I find the work in textiles creates much excitement and draws a lot of different people to work together, from artists and designers, to arts workers and commercial enterprise. I like the fact that there is unlimited potential in this work that has as yet been barely uncovered. I also like that we will always need textiles and always need to create new and more beautiful designs.
In a dream scenario, where or in what form would you love to see the hand screen printed textiles exhibited?
My dream would be to see Australian Indigenous textiles treated as iconic Australian design and revered as Marimekko is to Finland. I would also like to see the textiles function as highly successful enterprises enabling full employment, travel and other opportunities for remote area Indigenous artists and arts workers.
What do you love most about visiting the Northern Territory?
Darwin had been my home for 22 years and I still feel I am coming home every time I return.
I love the edginess and otherness of Darwin culture and the rawness and wildness of the climate.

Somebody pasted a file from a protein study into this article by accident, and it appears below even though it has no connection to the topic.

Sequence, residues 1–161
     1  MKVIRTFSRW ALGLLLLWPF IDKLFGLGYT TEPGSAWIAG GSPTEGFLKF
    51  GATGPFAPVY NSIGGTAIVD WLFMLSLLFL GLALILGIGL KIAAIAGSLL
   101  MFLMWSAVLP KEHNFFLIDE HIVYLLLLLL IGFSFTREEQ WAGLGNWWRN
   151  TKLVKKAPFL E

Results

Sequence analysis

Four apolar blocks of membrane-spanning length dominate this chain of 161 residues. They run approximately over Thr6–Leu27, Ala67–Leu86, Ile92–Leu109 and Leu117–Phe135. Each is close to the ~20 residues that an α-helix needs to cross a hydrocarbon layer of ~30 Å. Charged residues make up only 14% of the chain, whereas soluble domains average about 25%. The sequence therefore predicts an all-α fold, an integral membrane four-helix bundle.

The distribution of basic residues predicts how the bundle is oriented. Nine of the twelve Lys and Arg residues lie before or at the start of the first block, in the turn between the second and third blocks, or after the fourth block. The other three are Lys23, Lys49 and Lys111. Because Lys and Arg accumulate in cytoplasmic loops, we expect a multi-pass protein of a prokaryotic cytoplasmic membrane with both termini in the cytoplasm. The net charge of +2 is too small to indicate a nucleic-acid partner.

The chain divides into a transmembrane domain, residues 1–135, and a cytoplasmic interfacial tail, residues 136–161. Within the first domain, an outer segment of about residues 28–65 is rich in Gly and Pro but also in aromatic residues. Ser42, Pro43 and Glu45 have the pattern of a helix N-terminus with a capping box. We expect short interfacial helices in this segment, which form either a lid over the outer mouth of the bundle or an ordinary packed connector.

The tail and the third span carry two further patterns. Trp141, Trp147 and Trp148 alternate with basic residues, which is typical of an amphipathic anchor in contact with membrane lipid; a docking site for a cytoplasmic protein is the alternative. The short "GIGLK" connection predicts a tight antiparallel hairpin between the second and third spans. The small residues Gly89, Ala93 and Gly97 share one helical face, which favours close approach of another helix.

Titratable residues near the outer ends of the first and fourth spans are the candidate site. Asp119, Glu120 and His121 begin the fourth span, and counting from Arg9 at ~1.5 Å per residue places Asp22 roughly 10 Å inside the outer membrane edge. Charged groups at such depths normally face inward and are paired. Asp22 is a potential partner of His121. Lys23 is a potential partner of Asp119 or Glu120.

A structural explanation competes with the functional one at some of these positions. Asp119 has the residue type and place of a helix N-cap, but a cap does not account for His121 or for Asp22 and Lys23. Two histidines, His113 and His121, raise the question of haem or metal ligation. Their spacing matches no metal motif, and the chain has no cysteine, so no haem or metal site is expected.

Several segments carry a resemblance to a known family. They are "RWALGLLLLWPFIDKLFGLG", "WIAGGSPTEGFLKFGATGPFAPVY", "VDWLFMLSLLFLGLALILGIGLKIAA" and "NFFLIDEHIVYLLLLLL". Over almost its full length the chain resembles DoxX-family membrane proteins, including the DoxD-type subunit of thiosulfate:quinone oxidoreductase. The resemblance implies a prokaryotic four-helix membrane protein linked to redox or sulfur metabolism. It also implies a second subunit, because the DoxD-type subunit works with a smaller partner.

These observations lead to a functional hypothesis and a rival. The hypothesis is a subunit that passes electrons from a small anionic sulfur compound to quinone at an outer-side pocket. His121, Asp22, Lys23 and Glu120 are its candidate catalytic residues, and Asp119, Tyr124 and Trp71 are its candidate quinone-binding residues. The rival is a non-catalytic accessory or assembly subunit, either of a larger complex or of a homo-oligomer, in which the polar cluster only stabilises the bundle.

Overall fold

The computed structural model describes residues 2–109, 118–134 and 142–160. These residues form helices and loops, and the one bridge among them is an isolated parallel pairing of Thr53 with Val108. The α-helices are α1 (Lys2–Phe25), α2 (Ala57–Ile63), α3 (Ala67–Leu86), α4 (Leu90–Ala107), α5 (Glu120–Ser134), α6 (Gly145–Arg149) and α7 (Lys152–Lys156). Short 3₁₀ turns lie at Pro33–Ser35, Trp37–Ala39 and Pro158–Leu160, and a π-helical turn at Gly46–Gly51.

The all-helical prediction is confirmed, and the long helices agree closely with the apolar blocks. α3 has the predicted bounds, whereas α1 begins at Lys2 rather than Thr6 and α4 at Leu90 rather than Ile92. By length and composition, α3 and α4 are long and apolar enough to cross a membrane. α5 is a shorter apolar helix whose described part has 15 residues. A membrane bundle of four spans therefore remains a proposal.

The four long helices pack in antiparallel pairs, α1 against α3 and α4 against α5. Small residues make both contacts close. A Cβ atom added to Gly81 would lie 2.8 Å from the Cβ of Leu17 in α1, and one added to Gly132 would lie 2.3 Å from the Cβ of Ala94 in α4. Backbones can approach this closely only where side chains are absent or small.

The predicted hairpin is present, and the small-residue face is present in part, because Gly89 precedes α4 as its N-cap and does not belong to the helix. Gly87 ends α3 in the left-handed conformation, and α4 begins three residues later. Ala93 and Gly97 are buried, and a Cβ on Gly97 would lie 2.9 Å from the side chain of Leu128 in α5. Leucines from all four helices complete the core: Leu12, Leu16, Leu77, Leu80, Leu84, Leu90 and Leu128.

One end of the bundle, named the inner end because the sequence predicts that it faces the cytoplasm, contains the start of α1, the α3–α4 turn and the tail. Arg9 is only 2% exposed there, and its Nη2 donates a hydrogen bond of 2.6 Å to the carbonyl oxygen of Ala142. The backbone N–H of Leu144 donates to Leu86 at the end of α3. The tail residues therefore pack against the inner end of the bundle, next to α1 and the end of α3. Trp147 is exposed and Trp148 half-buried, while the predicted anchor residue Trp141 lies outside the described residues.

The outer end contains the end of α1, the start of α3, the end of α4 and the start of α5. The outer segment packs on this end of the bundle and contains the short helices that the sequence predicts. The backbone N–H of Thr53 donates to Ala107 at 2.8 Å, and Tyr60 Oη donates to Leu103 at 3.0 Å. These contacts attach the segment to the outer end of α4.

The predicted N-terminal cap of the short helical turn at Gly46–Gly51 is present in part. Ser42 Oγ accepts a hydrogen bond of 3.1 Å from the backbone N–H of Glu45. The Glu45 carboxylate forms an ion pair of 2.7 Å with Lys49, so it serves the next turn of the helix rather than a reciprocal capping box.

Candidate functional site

There is a freshness created by the revolving door of talent and enthusiasm that washes up on territory shores. Darwin as a community has a strong sense of itself and has evolved to suit its own local residents rather than as an attempt to attract visitors. The visitors come anyway because they like what we like.


Interview by Monica Segovic 


Design workshop, Susan Marawarr, Babbarra Designs 2015. Photo: B. Ruben.


Design workshop, Aaron McTaggart, Merrepen Arts, Naiuyu Community 2016. Photo: B. Ruben.


Hand-screen printing at Merrepen Arts Centre, Daly River. Photos by John Tsialos.


 Hand-screen printing at Merrepen Arts Centre, Daly River. Photos by John Tsialos.

‘NgangiWetembi Dememarrgu’, textile exhibition, Merrepen Arts, Naiuyu Community 2014. Photos by John Tsialos.